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Officials prepare for cable TV talks
(Published August 28, 2000)
By KATE ALEXANDER
City officials are preparing to begin negotiations for a new citywide cable TV franchise agreement that they hope will resolve the myriad service problems that have plagued the cable system since its inception.
The city recently received the results of a federally mandated assessment of cable-related community needs, which found D.C. residents dissatisfied with rates, service selection, customer service, and signal quality and reliability.
The stinging criticism of District Cablevision stems primarily from the cable operator’s failure to live up to some of its contractual obligations, according to the community survey, and to provide services similar to those of suburban cable systems.
District Cablevision "built a defective system that has provided poor service for the community…It’s antiquated and not equipped to meet the needs of the community in the future," said Cynthia Pols, director of the Institute for the Positive Use of Technology, the nonprofit organization contracted by the D.C. government to conduct the community needs assessment.
Using the needs assessment as a guide, the city aims to negotiate a tighter contract with mandates for better customer service and monitoring features, said Walter Adams, staff attorney for the cable television office.
The negotiations will involve representatives from several D.C. government agencies, including the Mayor’s Office of Cable Television and Telecommunications and the corporation counsel, and either District Cablevision parent company AT&T or Comcast Corp. – and possibly both, Adams said.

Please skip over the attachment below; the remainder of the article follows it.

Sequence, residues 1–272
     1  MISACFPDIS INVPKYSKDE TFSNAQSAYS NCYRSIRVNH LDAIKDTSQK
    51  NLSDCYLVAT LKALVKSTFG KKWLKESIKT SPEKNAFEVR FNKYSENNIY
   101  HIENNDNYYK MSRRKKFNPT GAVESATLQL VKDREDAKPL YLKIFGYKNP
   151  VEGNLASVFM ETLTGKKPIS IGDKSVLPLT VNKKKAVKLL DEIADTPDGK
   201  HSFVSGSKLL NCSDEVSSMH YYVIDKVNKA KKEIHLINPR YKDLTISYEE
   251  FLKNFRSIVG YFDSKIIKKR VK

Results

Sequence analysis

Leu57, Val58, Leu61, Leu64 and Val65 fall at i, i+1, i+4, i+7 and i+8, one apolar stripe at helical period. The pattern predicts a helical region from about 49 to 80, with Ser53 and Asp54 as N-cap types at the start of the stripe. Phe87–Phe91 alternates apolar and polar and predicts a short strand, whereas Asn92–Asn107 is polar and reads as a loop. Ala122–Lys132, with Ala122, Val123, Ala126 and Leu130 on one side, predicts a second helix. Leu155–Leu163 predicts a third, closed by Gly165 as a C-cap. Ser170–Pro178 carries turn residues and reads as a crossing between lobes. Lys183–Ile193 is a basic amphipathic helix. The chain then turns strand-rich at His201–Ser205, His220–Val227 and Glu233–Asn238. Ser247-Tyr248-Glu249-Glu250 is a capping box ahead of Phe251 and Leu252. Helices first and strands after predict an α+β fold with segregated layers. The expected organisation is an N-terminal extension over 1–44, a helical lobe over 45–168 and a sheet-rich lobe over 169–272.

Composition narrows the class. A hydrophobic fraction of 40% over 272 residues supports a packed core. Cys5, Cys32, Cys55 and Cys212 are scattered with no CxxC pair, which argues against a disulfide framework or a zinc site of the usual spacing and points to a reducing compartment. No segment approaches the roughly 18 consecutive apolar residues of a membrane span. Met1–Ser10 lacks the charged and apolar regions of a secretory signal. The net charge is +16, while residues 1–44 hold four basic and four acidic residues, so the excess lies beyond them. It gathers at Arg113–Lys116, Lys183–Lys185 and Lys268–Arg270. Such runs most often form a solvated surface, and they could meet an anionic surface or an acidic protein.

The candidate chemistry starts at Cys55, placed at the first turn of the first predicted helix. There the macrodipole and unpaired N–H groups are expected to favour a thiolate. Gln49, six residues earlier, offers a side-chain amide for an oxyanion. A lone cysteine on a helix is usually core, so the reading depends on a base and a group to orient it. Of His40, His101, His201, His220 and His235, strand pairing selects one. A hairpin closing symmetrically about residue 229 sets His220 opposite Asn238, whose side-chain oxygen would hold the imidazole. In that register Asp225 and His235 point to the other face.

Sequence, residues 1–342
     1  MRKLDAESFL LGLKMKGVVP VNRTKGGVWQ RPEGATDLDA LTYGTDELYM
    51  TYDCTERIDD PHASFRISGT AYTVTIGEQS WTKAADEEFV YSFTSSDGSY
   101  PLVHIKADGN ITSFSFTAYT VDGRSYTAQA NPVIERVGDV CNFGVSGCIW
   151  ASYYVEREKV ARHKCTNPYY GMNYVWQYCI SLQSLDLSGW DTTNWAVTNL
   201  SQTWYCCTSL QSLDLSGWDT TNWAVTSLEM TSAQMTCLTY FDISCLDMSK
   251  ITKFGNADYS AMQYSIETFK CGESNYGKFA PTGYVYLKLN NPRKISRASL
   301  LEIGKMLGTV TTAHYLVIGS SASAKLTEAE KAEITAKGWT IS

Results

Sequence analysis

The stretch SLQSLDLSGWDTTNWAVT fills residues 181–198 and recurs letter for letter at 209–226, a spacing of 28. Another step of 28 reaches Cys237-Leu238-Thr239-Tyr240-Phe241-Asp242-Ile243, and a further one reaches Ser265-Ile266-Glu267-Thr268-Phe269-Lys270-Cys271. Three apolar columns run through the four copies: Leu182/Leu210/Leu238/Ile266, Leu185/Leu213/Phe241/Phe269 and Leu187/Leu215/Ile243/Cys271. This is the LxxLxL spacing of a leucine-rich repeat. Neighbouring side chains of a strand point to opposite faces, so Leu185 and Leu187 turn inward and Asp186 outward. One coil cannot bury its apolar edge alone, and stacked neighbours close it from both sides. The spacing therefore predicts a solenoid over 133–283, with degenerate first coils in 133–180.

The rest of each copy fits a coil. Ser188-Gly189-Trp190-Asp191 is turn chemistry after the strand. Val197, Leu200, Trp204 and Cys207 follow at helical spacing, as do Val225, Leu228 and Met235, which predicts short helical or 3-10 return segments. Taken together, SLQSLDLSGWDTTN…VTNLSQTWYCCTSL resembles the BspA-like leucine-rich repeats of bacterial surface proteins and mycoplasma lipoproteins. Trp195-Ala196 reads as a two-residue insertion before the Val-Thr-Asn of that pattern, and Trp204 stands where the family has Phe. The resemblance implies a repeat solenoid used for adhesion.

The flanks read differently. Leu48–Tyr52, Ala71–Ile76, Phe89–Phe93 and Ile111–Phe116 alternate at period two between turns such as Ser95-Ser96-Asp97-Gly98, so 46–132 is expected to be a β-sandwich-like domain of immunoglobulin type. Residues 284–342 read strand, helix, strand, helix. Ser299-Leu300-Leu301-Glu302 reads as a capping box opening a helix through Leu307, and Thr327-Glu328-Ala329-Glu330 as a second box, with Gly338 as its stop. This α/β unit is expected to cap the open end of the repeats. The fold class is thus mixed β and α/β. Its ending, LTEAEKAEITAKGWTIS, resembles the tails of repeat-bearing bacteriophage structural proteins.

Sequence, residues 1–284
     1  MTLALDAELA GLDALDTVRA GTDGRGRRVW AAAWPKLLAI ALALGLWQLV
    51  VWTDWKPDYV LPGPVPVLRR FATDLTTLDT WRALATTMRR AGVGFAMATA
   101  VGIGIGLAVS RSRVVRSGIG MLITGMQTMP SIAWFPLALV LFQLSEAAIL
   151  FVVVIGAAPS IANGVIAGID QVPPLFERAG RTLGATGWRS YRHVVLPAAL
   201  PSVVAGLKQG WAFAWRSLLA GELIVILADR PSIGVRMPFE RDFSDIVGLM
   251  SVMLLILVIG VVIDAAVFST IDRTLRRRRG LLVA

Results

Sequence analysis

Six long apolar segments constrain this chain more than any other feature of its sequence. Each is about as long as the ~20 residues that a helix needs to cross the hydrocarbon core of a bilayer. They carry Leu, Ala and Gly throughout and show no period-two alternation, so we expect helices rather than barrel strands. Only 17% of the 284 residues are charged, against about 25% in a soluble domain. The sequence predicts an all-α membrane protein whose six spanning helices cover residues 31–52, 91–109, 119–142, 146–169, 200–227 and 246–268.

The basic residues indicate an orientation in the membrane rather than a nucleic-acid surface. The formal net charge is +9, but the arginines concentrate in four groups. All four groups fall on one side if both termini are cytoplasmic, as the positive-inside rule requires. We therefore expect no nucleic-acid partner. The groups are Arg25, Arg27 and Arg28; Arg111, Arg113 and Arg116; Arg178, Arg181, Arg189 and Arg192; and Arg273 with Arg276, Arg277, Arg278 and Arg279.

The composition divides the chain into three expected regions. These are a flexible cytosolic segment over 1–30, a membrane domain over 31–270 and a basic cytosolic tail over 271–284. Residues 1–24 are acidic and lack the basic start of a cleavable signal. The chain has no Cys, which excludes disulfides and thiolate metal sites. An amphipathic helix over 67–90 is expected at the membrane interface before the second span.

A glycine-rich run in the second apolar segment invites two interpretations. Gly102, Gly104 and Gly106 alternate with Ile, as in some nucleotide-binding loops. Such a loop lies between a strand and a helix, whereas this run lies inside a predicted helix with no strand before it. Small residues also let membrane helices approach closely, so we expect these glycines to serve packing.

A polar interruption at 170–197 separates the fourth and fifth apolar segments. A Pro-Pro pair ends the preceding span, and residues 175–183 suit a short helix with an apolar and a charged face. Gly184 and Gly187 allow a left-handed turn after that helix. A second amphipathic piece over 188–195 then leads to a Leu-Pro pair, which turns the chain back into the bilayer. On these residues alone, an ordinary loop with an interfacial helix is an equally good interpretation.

AT&T currently operates District Cablevision but is set to sell the cable franchise to Comcast, though it is not clear if that transaction will close before the city negotiations begin in October. District Cablevision -- the majority of which was owned by TCI with a minority interest owned by Robert Johnson of Black Entertainment Television – was sold to AT&T last year.
District Cablevision’s original 15-year cable franchise agreement with the city expired in March but has been extended for one year. Adams estimated the cable contract to be worth $500-775 million over a 10-year period.
At the core of the negotiations for a new long-term agreement is the need to update the city’s cable technology. These upgrades would allow for high-speed, digital transmission, provide additional resources for public, educational and governmental channels, and remedy several service problems.
In particular, the community assessment notes that the cable system capacity has yet to grow to the originally negotiated 79 channels, an emergency alert system has not been implemented and an institutional network linking public offices, agencies, libraries and schools has not been built.
Public access was also particularly hard-hit by District Cablevision’s shortcomings, receiving fewer funds and equipment than contracted and having the channels’ signal quality degraded, according to the needs assessment.
Nantz Rickard, executive director of the Public Access Corp. of the District of Columbia (DCTV), said the franchise agreement has been fraught with problems since its beginning. But, she said, the District now has the opportunity and the power to fix those problems, in contrast to when the contract was first negotiated.
"If we didn’t have these issues, we wouldn’t have the basis for tightening the language," she said. "These small changes can make a huge difference for consumers."